Paul Crompton returned to talk about his participation in the healthcare collaboration, Go Zambia. James Koepfler, a medical photographer with Boston Children's Hospital, shared his techniques for on-the-go lighting solutions. Jared Schwartz, chief medical officer for Leica Biosystems shared how ePathology can improve access and quality of healthcare. Gale Spring, associate professor of scientific photography at Royal Melbourne Institute of Technology, explored how well forensic imaging and new technologies are working together.
Tom Kryton, Jim Fosse, James Hayden, Adam Cooper, Ken Meats, and Bob Turner illustrated some great techniques during InfoShare and Show Your Stuff, which was also offered for the first time this year to member non-registrants via streaming video. Recordings of these sessions can be viewed here.
The Ann Shiras Pioneer Lecturer, Ted Kinsman, ended the presentations for the day with a bang with a fascinating report on his attempts to record the beauty of nature with high-speed photography, radiography, and time-lapse cinematography.
The Honors banquet was held on Friday evening. Susanne Loomis presented nine honors to members and passed the gavel to the incoming president, Joe Kane. Keith Bullis, Adam Cooper, Connie Johansen, Jim Koepfler, Thomas Kryton, and Bob Turner received Acknowledgement of Service to the BCA for their work on the meeting. Jeb Zirato received the President's Award for his work on the Board of Governors and Chair of the Certification Committee. Karen Hensley received the Ralph Creer Award for her distinguished services to the BCA. The highest award and honor bestowed by the BCA, the Schmidt Laureate Award, was given to John Hendrix. Check the upcoming newsletter for a full story on the honors bestowed. Photos from the Honors banquet can be viewed here.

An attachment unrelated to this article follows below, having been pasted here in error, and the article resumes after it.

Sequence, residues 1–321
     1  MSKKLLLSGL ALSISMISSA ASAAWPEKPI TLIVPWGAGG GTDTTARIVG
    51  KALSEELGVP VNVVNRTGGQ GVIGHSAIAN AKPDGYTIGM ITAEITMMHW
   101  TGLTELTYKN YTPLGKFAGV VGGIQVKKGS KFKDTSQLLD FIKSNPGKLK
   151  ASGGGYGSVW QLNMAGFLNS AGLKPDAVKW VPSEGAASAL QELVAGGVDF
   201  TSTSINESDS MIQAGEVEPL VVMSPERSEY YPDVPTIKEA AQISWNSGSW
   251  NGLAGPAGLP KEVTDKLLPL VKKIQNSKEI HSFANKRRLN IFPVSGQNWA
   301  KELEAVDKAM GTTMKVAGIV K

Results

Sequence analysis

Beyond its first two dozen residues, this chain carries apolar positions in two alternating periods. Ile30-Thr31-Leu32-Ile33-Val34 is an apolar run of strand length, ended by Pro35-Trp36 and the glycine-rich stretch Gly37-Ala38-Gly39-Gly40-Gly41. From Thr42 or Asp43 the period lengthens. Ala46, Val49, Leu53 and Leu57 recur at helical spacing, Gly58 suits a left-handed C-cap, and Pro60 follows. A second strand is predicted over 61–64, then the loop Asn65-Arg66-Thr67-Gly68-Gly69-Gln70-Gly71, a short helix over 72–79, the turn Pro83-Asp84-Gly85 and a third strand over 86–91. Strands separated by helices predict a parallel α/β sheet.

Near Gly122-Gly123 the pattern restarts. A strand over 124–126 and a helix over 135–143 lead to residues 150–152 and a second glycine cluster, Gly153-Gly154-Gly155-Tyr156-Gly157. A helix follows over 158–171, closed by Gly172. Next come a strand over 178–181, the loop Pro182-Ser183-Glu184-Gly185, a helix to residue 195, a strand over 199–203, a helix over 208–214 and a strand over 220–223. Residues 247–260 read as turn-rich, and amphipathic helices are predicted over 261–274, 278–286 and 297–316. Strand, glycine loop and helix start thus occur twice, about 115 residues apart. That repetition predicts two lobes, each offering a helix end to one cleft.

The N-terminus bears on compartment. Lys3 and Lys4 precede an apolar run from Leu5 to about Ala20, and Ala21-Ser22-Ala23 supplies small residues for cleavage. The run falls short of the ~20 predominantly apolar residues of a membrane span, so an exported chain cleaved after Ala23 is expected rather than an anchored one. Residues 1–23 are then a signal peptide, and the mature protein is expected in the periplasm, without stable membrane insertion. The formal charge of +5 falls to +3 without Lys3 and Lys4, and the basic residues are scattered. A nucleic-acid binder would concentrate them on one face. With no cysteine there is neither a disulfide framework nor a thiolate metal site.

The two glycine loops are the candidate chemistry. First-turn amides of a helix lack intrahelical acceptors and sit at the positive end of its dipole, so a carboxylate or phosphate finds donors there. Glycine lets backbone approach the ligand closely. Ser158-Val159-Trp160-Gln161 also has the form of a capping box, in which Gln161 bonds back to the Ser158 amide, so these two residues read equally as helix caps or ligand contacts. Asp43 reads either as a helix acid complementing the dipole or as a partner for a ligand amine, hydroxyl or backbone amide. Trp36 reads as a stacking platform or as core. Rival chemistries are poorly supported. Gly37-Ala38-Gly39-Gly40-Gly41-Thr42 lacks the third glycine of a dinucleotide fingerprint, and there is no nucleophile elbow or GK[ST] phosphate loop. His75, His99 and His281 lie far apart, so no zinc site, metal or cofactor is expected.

Friday morning, attendees participated in a Roundtable Discussion on the future of BCA and opened the floor for creative and constructive brainstorming. Several ideas were shared including possible restructure of the Board of Governors and BCA committees, enhancing the BCA website, finding content for the website and reaching out to other photographic communities.
A group of 20 attendees took a one-hour, behind-the-scenes tour of the Monterey Bay Aquarium jellyfish exhibit.
Thank you to Bill Fortney for again leading the Nikon Post-Meeting Photography Workshop, which took participants on a photographic odyssey through the lush Big Basin Redwoods in the Saratoga area. Photographers also ventured into Santa Cruz and the Hakone Gardens.
We hope you will join us next year for BIOCOMM 2014 in Rochester, Minnesota, July 22-25!